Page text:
output device; the read-only number register `.T' is set to 1 if
this option is used (which is always true if `groff' is used to
call `gtroff'). Note: Built-in Registers.
The postprocessor to be used for a device is specified by the
`postpro' command in the device description file. (Note: Font
Files, for more info.) This can be overridden with the `-X'
Preview with `gxditview' instead of using the usual postprocessor.
This is unlikely to produce good results except with `-Tps'.
Note that this is not the same as using `-TX75' or `-TX100' to
view a document with `gxditview': The former uses the metrics of
the specified device, whereas the latter uses X-specific fonts and
Don't allow newlines with `eqn' delimiters. This is the same as
the `-N' option in `geqn'.
Safer mode. Pass the `-S' option to `gpic' and disable the
`open', `opena', `pso', `sy', and `pi' requests. For security
reasons, this is enabled by default.
Unsafe mode. This enables the `open', `opena', `pso', `sy', and
Generate an ASCII approximation of the typeset output. The
read-only register `.A' is then set to 1. Note: Built-in
Registers. A typical example is
groff -a -man -Tdvi troff.man | less
which shows how lines are broken for the DVI device. Note that
this option is rather useless today since graphic output devices
are available virtually everywhere.
Print a backtrace with each warning or error message. This
backtrace should help track down the cause of the error. The line
numbers given in the backtrace may not always be correct: `gtroff'
can get confused by `as' or `am' requests while counting line
Read the standard input after all the named input files have been
Enable warning NAME. Available warnings are described in Note:
Debugging. Multiple `-w' options are allowed.
Inhibit warning NAME. Multiple `-W' options are allowed.
Inhibit all error messages.
Enable compatibility mode. Note: Implementation Differences,
for the list of incompatibilities between `groff' and AT&T `troff'.
Define C or NAME to be a string S. C must be a one-letter name;
NAME can be of arbitrary length. All string assignments happen
before loading any macro file (including the start-up file).
Use FAM as the default font family. Note: Font Families.
Read in the file `NAME.tmac'. Normally `groff' searches for this
in its macro directories. If it isn't found, it tries `tmac.NAME'
(searching in the same directories).
Number the first page NUM.
Output only pages in LIST, which is a comma-separated list of page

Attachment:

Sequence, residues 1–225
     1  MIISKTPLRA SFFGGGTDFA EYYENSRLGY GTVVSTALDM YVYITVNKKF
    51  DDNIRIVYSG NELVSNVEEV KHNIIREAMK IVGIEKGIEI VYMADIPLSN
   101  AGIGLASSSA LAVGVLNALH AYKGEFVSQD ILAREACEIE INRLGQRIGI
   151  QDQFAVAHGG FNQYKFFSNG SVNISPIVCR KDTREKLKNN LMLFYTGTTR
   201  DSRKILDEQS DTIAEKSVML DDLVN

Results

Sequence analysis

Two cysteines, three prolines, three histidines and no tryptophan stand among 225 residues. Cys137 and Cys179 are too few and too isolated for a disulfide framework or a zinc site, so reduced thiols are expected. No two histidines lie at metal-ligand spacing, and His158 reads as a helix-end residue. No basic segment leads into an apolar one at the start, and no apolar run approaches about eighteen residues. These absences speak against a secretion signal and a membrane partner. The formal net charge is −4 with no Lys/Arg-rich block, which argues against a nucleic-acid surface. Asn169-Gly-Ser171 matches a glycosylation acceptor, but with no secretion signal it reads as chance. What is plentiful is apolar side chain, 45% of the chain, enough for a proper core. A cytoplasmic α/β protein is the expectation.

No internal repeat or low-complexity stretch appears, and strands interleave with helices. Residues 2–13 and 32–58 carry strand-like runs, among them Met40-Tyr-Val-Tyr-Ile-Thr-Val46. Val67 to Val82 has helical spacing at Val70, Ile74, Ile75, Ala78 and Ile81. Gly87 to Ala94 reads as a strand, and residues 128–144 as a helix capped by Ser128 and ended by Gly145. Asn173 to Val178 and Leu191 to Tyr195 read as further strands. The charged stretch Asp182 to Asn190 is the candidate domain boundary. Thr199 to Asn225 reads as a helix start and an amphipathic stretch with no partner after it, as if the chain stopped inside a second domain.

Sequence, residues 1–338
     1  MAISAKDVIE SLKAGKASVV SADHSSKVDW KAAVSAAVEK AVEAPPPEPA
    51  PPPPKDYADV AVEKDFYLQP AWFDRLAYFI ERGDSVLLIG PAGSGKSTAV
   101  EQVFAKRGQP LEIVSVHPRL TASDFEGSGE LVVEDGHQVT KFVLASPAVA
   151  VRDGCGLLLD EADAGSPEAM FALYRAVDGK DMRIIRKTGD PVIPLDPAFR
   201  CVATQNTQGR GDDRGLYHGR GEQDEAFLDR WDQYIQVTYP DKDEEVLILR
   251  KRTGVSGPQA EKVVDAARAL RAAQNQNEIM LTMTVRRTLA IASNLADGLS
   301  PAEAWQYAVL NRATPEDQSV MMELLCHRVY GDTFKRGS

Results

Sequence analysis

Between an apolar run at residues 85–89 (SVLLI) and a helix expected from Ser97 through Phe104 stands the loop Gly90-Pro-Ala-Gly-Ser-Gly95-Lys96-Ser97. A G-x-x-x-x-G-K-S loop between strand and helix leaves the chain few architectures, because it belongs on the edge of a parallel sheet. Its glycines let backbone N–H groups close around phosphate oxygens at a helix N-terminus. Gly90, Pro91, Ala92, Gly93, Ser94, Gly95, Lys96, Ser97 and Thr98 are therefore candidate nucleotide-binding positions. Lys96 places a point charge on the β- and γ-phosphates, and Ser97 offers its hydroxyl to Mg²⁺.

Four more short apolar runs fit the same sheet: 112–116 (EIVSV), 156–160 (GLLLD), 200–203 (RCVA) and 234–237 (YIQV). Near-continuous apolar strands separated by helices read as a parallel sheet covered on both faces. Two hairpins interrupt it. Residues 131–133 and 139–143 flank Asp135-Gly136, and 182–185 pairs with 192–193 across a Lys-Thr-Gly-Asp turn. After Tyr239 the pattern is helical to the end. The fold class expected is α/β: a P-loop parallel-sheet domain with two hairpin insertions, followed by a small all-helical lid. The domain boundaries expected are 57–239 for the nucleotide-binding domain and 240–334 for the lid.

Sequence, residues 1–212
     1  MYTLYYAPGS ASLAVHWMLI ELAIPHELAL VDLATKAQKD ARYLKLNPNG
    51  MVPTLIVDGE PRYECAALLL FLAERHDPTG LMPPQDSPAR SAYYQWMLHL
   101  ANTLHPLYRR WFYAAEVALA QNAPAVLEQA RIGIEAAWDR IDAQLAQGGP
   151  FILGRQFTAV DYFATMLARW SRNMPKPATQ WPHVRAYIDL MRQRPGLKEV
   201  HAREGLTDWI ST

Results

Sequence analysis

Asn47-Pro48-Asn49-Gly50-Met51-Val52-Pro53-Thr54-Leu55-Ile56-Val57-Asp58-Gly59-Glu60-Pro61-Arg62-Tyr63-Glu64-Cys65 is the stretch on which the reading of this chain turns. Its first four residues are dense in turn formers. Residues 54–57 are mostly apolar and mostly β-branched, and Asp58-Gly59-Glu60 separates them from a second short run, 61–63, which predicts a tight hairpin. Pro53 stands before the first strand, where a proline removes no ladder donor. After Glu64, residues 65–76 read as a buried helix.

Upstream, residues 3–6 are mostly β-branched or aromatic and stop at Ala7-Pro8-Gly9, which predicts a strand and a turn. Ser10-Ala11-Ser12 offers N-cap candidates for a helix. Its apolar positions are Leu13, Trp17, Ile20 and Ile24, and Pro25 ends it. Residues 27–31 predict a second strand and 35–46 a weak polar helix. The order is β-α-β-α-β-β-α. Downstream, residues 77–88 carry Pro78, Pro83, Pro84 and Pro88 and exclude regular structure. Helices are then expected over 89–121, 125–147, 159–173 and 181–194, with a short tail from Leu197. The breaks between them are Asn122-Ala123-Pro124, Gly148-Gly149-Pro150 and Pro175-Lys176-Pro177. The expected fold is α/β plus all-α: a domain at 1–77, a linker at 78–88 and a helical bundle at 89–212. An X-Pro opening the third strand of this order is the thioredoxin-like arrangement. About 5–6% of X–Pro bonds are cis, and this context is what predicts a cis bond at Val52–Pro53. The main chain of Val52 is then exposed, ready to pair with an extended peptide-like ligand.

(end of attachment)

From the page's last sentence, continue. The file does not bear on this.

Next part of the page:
ranges; `N' means print page N, `M-N' means print every page
between M and N, `-N' means print every page up to N, `N-' means
print every page beginning with N. `gtroff' exits after printing
the last page in the list. All the ranges are inclusive on both
Within `gtroff', this information can be extracted with the `.P'
register. Note: Built-in Registers.
If your document restarts page numbering at the beginning of each
chapter, then `gtroff' prints the specified page range for each
Set number register C or NAME to the value N. C must be a
one-letter name; NAME can be of arbitrary length. N can be any
`gtroff' numeric expression. All register assignments happen
before loading any macro file (including the start-up file).
Search `DIR' for subdirectories `devNAME' (NAME is the name of the
device), for the `DESC' file, and for font files before looking in
the standard directories (Note: Font Directories). This option
is passed to all pre- and postprocessors using the
`GROFF_FONT_PATH' environment variable.
Search directory `DIR' for macro files before the standard
directories (Note: Macro Directories).
This option may be used to specify a directory to search for files.
It is passed to the following programs:
* `gsoelim' (see Note: gsoelim for more details); it also
implies `groff''s `-s' option.
* `gtroff'; it is used to search files named in the `psbb' and
* `grops'; it is used to search files named in the
`\X'ps: import' and `\X'ps: file' escapes.
The current directory is always searched first. This option may be
specified more than once; the directories are searched in the order
specified. No directory search is performed for files specified
using an absolute path.